Although this image was made in the long ago days of film, it highlights a number of technical considerations that are still relevant and important. First off, I would like to give a Shout Out to those of us who learned how to make exact exposures on celluloid! I was consistently in a state of Exposure Angst while photographing in difficult light. If the exposure wasn’t within 2/3 stop, the image was too light or too dark. So, my images had to be double-perfect coming out of the camera: the composition and content had to be impeccable (you couldn’t crop slide film unless you brought out the scissors or gaffers tape) and the exposure had to be spot-on with the intended saturation.
And, guess what? It is still critical to make the correct exposure in low-light situations. Although noise reduction is getting better and better in new cameras, if your image is underexposed and taken at a high ISO, you are going to have problems when you begin brightening it in your editing program. Noise is inherent in all shadows, especially if you are using a lower-end camera with a small sensor, and is more pronounced at high ISOs and long exposures. As you move those brightening sliders you will begin to see discolored pixels that makes your image look grainy and odd. Film has plump pleasing grain; digital has square slovenly pixels that are best hidden in the shadows.
And, another Shout Out to Spot Metering! Although most of the time I use Evaluative Metering (Matrix, Segmented, etc. to non Canon users), high-contrast situations beg for the more precise Spot Metering. I have always used the in-camera meters; I find them very accurate. There is no reason to carry more gear than necessary.
So circling back to the above image: I was in Vientiane, Laos photographing the magnificent That Luang Festival. Many of the festival events take place during the day but my favorite time to photograph was in the late evening when people circumambulated the lit That Luang Stupa holding candles. Since I was using Kodak Ektachrome SW transparency film ISO 100, pushed to 200, there was not enough light to stop the action without panning or using a flash. I decided on the later since I wanted the beautiful That Luang Stupa sharp in the background. I put my camera on a tripod in the vertical position, set my meter to Spot Metering (2% coverage on the Canon 1V) and aimed the focusing/meter point at the stupa. I don’t know what exposure I used but I am guessing that it was about one second, maybe longer. Although people were carrying candles there wasn’t much ambient light in the foreground, plus the That Luang was so bright that the rest of the frame was bound to go dark (slide film only has a latitude of approximately 4-5 stops exposure range).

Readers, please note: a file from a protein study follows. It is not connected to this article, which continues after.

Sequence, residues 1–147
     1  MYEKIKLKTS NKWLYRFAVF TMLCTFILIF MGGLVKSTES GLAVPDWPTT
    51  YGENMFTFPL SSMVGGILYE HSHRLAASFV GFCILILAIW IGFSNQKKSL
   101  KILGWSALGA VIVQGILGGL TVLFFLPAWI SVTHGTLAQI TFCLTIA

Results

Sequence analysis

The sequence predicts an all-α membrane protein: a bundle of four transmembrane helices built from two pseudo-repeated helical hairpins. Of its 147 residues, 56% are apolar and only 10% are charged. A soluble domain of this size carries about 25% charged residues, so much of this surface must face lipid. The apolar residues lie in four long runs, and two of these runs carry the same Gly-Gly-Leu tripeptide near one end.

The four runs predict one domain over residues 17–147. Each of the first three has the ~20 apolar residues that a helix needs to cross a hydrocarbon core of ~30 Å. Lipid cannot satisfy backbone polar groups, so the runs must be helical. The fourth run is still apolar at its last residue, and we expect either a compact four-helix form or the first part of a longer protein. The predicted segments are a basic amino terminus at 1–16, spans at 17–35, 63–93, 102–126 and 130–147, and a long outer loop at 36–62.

I can’t remember if I put the Canon flash directly on the hot shoe or was holding it with a TTL wire; either way would be a very similar result since I would not have held it too far out. I powered down the intensity of the flash output probably to – 2 EV. Finally I added a Lumiquest FX diffuser with an amber gel.
I took a couple of frames and (vision of light bulb going on) I realized that my flash was set to Front Curtain Sync (1st Curtain Sync), which meant that the flash was going off at the beginning of the exposure. At a fast shutter speed that doesn’t matter but at the slow 1 – 2 second exposure it meant that the flash (about 1/800th sec) would illuminate the people but then the shutter will remain open for the rest of the exposure. The stupa would have the correct exposure but, the bright candle flames would show up as a trail of light in front of the people. That would look strange; the candlelight needed to trail behind. So I set the flash to Rear Curtain sync (2nd Curtain Sync) to correct this problem. Of course that created, yet another, problem. I had judge when to click the shutter when a person would be in the right position in the frame when the flash went off. That wasn’t so easy. I would see a likely looking person; click the shutter to begin the exposure; then, they would stop to talk to someone and no one was in front of the camera when the flash went off. Or, they would slow down or speed up, or someone would pass them at exactly the wrong moment, or… so many possibilities for a bad image! Since it wasn’t possible to review the images in a film camera (ah bless the digital LCD screen), I had absolutely no idea if I was getting a useable image. So I just kept at it. I learned early on, in difficult situations, click deliberately and copiously! It is still true
When I got home to my light table I reviewed the images and most ended up immediately in the trash. (I just loved tossing slides away, so cathartic!). Finally I found this image of a young child looking up at the camera at eye-level. I was thrilled. Notice the candle flames neatly trailing behind. And, it was a perfect exposure as well as a compelling frame.
“Everything has to matter in an image.” I always say.